By Katherine Bonnie Bailey
There’s a dog buried beside the telephone pole, and three days a week, a girl comes by to see it. She lets herself in through the pasture gate and places drooping wildflowers on the soil, brushing the browned and brittle stems from her last visit aside. Small hands meet in front of her flat chest in prayer, and her knees make round imprints in the soft soil. The earth is fresh and loose and has the same fertile smell as garden dirt. She digs her fingers into it while she sobs, and she goes home with streaks of brown mingled muddily with the salty tears on her cheeks.
There’s a rhythm to her appointments with the grave.
On Mondays, she wears a white dress with blue polka dots and her face shines. She cradles extra flowers in the crook of her arm, and after placing a portion in their rightful spot, she sits with her back against the pole and ties the rest into a crown, which she tangles into the curls of her auburn hair while she converses with the dead.
On Wednesdays, she wears ill-fitting blue jeans and a hunter green T-shirt with a large sunflower on the front. She brings a sandwich of white bread and turkey. She runs thin-boned fingers over the letters she carved into the wooden pole while she chews, and she places half of her sandwich, cut into a triangle, right up against the splinters. The offering is meant for her companion below ground, but only minutes after her departure, a neighborhood cat appears to steal it away. The striped hunter takes the treat back to his own yard before gobbling it down. He cleans his whiskers on the porch steps, watching grasshoppers dance through the freshly mown yard with jewel-bright eyes.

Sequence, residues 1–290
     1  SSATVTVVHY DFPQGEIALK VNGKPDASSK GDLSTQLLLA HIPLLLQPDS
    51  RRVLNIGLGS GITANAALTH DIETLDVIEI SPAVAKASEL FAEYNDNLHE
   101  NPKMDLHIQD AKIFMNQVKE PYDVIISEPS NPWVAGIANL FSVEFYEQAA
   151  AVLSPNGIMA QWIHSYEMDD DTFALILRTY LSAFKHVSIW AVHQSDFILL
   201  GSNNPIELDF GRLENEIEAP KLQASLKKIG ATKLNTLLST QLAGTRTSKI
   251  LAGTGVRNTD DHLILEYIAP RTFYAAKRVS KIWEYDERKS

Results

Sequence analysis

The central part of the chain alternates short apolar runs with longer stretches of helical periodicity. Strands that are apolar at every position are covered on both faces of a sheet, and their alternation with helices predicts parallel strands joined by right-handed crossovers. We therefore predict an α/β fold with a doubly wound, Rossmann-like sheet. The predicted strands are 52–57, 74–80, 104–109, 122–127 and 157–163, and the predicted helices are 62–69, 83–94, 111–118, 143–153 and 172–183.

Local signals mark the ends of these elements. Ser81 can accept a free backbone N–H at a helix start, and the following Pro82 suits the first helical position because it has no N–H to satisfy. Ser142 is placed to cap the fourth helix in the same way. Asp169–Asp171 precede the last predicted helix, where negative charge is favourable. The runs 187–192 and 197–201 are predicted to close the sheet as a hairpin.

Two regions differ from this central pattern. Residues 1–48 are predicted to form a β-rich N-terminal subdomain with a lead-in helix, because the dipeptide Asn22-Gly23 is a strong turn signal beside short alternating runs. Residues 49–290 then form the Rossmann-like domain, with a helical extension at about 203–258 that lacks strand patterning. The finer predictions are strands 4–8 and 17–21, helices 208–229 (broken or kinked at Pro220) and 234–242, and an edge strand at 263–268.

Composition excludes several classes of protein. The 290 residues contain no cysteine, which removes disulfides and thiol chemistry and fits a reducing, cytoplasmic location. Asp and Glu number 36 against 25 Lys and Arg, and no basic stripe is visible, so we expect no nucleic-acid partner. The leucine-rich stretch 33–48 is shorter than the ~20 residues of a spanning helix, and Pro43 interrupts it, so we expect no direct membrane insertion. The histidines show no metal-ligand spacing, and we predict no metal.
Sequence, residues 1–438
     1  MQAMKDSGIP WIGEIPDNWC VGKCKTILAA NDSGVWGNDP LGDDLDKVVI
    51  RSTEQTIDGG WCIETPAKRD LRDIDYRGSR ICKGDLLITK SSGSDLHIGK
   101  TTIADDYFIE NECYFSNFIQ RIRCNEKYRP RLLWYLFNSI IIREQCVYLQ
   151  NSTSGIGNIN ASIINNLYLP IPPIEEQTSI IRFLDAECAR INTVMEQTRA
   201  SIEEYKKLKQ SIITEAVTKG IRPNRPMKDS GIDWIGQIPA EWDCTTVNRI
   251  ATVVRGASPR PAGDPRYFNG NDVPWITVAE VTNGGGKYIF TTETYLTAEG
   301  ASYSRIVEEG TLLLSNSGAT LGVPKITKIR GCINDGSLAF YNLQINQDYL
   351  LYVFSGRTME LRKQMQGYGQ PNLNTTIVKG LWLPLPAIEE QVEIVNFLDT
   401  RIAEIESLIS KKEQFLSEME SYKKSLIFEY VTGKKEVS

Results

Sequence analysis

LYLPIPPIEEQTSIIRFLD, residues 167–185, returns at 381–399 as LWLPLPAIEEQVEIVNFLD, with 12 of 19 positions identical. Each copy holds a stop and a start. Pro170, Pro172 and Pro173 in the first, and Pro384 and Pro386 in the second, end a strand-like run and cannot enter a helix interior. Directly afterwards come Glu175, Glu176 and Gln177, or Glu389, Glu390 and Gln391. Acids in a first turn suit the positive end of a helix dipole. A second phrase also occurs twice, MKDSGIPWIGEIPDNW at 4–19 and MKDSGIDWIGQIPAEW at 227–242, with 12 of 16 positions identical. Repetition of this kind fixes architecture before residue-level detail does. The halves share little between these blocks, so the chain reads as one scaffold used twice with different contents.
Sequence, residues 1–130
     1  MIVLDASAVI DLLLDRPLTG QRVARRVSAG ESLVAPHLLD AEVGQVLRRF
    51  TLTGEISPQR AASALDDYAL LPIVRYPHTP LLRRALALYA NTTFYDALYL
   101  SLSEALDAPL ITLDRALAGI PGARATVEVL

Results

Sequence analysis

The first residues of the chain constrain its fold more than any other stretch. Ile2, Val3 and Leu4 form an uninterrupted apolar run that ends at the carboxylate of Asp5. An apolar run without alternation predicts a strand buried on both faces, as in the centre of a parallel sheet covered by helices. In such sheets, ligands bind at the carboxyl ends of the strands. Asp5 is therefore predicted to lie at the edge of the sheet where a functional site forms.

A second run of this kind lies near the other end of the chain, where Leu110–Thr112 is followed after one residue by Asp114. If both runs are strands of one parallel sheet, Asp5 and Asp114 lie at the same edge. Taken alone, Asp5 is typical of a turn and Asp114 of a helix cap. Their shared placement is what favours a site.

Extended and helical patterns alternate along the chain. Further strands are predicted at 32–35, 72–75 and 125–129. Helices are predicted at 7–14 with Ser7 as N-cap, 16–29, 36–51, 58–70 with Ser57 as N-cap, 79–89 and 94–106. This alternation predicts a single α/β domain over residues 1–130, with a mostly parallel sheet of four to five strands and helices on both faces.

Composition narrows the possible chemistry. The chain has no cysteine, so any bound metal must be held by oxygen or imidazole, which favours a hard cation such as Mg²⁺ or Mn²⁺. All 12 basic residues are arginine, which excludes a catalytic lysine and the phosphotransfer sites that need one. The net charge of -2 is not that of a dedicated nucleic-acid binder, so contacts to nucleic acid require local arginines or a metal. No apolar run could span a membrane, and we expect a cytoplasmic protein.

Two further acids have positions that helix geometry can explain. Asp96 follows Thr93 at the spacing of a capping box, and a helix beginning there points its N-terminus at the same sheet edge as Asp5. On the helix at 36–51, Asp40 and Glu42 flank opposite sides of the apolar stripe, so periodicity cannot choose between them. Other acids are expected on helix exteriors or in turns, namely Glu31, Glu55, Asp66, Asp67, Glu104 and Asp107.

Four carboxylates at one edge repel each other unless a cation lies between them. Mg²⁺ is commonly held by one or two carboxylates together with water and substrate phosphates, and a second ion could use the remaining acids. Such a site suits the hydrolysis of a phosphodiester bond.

On Fridays, she reads aloud from a book, feet crunching the sun-soaked grass, acting out the best parts. She jumps and dances, her voice traveling up and down the scale, impersonating first a man, then a woman. Laughter bounces across the field and echoes back, but the lack of reaction from her audience of bones invariably brings her to tears, and she ends up on her knees—dirtying the khakis of her girl scout uniform—with her head on the ground as close she can get.
She tends to the grave for one hundred and twenty-eight days, following her routine of worship, and on the one hundred and thirtieth day, she doesn’t.
Grass covers the cyclical soil. Weeds snake their way across the letters, ‘M’ first and then the ‘I’, and no one comes by to laugh or cry with the dog buried beside the telephone pole. The field is silent save for the wind and the distant sound of motors churning down the highway. A cow wanders by on occasion, its moist muzzle buried in the deep, nutritious grass, but cows pay no mind to ceremony. The cat is the only creature to acknowledge the hallowed ground—like clockwork every Wednesday—padding past on silent feet with his tail in the air, nosing for a forgotten morsel.